5. A Shifting Litigation Landscape
Privacy and cybersecurity litigation risks have been increasing steadily over the last decade, with plaintiffs having more success surviving the motion to dismiss threshold and new laws adding private rights of action combined with statutory damages, such as the CCPA and the Illinois Biometric Information Privacy Act. During the recording of a live podcast at the Summit, Orrick’s own Doug Meal emphasized that defendants continue to wield strong defenses in private litigation based on arguments against standing due to lack of harm and against class certification due to lack of commonality. However, Doug expressed concern that the risk posed to defendants increases exponentially as judges become more sympathetic to privacy and cybersecurity plaintiffs, and an increasing number of laws incorporate or consider private rights of action in combination with statutory damages that may one day shift privacy and cybersecurity to a strict liability regime.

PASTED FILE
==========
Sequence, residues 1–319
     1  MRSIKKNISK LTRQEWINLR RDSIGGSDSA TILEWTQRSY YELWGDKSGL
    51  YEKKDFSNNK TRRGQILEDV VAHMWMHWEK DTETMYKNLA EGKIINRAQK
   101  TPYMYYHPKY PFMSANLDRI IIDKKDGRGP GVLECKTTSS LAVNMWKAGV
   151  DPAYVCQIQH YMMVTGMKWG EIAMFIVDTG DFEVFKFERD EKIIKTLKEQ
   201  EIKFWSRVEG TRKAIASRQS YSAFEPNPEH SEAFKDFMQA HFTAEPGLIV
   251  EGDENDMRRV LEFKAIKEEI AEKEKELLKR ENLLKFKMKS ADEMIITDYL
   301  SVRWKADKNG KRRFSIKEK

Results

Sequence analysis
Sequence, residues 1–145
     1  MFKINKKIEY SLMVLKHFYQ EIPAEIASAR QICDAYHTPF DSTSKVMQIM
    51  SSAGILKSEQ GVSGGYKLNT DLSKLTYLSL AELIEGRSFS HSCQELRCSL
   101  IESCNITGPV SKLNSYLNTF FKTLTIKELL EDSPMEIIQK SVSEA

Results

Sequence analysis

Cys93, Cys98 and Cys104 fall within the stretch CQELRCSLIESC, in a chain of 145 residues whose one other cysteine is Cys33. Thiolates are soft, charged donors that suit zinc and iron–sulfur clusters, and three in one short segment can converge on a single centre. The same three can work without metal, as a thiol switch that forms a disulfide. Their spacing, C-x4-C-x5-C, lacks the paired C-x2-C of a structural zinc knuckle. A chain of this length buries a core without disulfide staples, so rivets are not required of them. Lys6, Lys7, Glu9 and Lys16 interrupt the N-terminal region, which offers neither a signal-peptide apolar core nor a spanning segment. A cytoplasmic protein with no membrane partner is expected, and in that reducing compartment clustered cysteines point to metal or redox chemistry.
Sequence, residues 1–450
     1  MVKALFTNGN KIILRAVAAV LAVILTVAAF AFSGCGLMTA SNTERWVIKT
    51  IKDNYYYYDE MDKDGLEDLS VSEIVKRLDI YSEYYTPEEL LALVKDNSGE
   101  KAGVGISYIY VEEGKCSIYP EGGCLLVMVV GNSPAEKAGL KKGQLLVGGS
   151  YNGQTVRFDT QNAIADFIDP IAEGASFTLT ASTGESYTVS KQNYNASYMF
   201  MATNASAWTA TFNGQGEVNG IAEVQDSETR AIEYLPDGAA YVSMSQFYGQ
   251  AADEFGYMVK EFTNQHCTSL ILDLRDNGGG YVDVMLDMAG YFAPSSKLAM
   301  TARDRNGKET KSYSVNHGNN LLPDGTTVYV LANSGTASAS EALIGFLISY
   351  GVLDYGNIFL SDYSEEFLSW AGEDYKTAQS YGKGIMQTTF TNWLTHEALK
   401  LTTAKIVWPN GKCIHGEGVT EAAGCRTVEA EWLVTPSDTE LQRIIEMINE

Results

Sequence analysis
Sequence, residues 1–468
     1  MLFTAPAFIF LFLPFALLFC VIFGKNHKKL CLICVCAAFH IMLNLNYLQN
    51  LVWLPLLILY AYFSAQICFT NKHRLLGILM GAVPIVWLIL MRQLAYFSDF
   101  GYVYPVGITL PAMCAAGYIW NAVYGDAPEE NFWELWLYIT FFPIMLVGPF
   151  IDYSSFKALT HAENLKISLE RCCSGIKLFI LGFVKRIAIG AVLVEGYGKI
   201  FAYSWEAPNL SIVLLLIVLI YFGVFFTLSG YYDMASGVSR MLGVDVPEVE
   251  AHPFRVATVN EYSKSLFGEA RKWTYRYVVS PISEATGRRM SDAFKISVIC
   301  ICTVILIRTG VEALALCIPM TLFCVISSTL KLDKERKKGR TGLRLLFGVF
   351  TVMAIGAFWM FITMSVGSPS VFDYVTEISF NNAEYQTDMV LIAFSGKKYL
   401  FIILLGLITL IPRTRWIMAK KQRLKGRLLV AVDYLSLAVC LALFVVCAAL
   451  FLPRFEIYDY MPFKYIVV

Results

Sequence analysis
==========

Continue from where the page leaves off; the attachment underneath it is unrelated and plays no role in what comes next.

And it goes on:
Corporate entities are not the only defendants facing an increased risk for liability in privacy and cybersecurity litigation. Aravind Swaminathan, Global Co-Chair of Orrick’s Cyber, Privacy & Data Innovation team, met with an engaged audience to discuss the issue of personal liability for information security personnel within the organization, as these personnel are finding themselves named as direct defendants in litigation against their employer. Aravind explained that information security professionals need to understand the potential risk associated with their position and seek arrangements that mitigate the potential harm, including exploring the idea of indemnification by the employer or being added to the employer’s insurance policy to cover any potential litigation expenses. As the public continues to scramble to find someone to blame for incidents that all too often are perpetrated unlawfully by unknown and unauthorized actors, individuals may increasingly find themselves in the crosshairs of extensive privacy and cybersecurity litigation.